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Richner mourned as hero for work helping children

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Mothers hold their sick children outside the Kantha Bopha Children’s Hospital in Phnom Penh in 2016. Hong Menea

Richner mourned as hero for work helping children

Tributes poured in from the local medical fraternity for Dr Beat “Beatocello” Richner, the founder of the Kantha Bopha Children’s Hospitals, who died in Zurich, Switzerland on Sunday. There are also calls to erect a statue in honour of the Swiss paediatrician.

The 71-year-old Richner, who spent decades working with children since he moved to Cambodia in 1992, died after battling with a serious illness for some time.

Chhoeng Haily, a medical doctor at the children’s hospital, who attended Richner’s memorial service at the Ministry of Health on Monday, told The Post he was saddened over the demise.

“I am very sad over the death of Beat Richer. He sacrificed a lot for Kantha Bopha Children’s Hospitals. He served Cambodian children from the bottom of his heart until he fell sick. He didn’t even think about himself and sacrificed so much for Cambodians,” said a teary-eyed Haily.

He added: “I would like to request the government to construct a statue for Beat Richner so all Cambodians can remember and understand who the founder of Kantha Bopha Children’s Hospital was. Cambodians should remember him.”

Ron Sophal, a general practitioner at Kantha Bopha Children’s Hospital V near Wat Phnom, said the late Richner devoted his life to treat Cambodian children and even neglected his own health.

“He did not care whether the children were rich or poor. He provided treatment equally by using modern [medical] technologies."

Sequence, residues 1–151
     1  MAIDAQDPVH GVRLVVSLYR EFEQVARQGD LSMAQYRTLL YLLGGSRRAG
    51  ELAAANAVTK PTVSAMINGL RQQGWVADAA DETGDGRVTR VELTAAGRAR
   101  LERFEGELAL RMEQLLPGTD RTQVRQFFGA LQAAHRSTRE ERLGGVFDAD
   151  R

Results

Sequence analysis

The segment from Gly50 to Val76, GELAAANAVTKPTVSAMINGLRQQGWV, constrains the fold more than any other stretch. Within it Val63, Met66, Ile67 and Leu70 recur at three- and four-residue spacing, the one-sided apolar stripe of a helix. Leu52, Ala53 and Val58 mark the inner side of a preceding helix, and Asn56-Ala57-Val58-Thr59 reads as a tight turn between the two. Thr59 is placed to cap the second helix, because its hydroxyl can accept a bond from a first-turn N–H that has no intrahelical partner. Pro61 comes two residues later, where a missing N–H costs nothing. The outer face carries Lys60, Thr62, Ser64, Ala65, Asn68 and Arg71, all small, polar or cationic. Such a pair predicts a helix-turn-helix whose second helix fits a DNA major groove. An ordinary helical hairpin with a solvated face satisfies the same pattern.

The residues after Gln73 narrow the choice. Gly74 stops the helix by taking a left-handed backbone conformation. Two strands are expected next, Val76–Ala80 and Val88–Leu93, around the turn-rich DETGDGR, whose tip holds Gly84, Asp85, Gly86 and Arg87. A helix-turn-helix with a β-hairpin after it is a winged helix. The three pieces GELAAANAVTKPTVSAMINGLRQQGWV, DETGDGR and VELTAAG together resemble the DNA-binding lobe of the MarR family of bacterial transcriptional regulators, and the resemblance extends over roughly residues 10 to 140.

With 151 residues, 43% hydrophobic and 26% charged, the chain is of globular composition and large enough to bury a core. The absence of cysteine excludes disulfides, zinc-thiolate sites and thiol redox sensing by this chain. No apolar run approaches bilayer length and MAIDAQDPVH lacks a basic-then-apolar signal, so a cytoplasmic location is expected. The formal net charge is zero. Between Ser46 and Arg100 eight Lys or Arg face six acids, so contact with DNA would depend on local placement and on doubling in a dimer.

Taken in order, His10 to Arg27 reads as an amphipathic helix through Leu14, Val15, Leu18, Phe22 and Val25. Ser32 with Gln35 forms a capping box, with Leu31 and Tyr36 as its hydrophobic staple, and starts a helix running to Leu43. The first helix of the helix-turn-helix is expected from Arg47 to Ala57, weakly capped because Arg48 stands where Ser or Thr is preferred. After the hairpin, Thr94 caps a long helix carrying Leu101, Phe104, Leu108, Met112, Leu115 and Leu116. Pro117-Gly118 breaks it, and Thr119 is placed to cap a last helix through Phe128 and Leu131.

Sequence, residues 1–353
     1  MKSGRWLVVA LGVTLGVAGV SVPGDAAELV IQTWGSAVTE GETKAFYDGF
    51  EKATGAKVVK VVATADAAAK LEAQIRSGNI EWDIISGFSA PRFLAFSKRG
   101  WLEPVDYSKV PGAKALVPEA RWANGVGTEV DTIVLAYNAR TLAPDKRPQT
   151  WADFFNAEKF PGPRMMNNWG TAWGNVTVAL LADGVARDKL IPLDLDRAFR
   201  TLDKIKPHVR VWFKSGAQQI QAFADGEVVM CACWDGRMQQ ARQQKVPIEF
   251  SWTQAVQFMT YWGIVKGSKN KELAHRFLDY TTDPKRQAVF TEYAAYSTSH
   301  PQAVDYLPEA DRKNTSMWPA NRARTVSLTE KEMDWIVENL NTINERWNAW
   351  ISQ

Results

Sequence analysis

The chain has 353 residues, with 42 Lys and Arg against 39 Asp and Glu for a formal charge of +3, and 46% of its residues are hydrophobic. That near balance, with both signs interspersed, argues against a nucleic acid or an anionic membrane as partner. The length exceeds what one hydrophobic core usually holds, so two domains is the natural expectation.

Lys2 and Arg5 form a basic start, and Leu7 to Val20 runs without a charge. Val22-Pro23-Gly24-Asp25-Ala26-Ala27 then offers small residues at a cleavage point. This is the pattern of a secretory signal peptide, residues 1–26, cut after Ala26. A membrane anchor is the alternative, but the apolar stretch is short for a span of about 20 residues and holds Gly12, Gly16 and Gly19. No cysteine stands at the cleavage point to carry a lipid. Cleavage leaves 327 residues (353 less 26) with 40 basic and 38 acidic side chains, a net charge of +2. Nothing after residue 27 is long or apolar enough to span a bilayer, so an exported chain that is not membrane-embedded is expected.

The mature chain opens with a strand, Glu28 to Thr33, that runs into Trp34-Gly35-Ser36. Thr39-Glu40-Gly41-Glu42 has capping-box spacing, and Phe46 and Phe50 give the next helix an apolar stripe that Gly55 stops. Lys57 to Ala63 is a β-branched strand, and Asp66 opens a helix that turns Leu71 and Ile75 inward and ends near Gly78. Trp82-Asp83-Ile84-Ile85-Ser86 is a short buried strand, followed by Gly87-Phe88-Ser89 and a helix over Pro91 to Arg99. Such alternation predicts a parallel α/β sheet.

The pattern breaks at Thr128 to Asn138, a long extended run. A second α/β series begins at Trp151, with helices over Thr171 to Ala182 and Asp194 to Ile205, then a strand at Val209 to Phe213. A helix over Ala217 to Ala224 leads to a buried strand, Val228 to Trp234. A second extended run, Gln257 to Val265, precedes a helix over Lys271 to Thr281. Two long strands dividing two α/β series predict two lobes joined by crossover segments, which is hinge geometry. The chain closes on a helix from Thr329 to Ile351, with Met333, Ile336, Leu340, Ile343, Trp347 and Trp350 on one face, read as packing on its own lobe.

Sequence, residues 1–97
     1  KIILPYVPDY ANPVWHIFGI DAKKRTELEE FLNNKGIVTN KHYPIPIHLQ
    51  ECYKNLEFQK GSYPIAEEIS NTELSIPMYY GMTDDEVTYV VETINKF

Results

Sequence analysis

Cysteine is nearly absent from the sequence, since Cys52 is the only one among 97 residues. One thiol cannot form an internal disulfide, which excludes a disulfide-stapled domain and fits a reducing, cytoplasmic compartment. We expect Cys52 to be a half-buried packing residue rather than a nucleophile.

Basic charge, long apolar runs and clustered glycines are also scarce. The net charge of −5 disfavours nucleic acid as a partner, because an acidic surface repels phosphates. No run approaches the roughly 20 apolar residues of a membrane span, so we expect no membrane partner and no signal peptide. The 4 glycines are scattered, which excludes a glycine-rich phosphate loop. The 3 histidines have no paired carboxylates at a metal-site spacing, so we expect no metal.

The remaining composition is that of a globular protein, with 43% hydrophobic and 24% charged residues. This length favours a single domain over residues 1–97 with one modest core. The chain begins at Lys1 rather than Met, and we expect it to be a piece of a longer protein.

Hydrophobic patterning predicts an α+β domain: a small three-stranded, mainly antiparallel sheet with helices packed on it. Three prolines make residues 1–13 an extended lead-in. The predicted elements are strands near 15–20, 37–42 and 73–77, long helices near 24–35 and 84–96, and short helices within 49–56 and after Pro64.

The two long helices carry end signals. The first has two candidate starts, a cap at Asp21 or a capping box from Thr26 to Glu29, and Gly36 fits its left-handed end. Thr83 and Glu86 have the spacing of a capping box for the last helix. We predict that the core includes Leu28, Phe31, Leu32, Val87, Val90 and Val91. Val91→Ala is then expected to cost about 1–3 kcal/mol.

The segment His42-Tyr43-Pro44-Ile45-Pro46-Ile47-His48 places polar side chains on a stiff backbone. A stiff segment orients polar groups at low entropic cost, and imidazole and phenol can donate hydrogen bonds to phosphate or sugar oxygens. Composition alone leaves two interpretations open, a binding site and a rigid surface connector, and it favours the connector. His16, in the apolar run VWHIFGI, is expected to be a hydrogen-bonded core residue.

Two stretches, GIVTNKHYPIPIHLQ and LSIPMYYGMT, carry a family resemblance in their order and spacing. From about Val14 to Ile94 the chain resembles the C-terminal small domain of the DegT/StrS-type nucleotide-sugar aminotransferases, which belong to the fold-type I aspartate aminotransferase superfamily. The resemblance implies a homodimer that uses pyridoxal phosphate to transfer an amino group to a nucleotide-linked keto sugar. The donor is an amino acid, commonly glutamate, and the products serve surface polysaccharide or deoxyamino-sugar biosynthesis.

“I urge the government to erect a statue to symbolise his heroism. He devoted physically and mentally to help Cambodian children. The statue would be a reminder that he saved millions of children,” said Sophal.

While Kaing Meng, a specialist nurse working at the Kantha Bopha Children’s Hospital since 1996, said Richner’s death had affected many people.

“Not only am I mourning the loss of Beat Richner, all my friends and family members are also grieving.”

Chheng Kimseng, a resident from Siem Reap said, “I want the government to start building his statue in all Kantha Bopha Children’s Hospitals throughout Cambodia.”

The Council of Ministers’ spokesperson Phay Siphan told The Post on Monday that any request to erect a statue in honour of Richner should be submitted to the government for approval.

“A letter has to be submitted to the Prime Minister [Hun Sen] to decide, and then it will be sent to the cabinet for formal approval,” he said.

Siphan said Cambodian leaders have awarded medals to Richner to honour his contributions to children’s healthcare while he was alive.

Right now the government would like to express its deepest condolences to his family.

At the special memorial service, Health Minister Mom Bun Heng said his death was not only a loss of a prominent medical professional but a tremendous loss to the Cambodian healthcare sector as well.

“We will continue Dr Beat Richner’s humanitarian mission to help children in Cambodia,” he said.

A gifted cello player, Richner earned the nickname “Beatocello” and performed concerts in Switzerland to raise money to treat children for free in the Kingdom.

Richner was named the “Swiss of the Year” in 2002.

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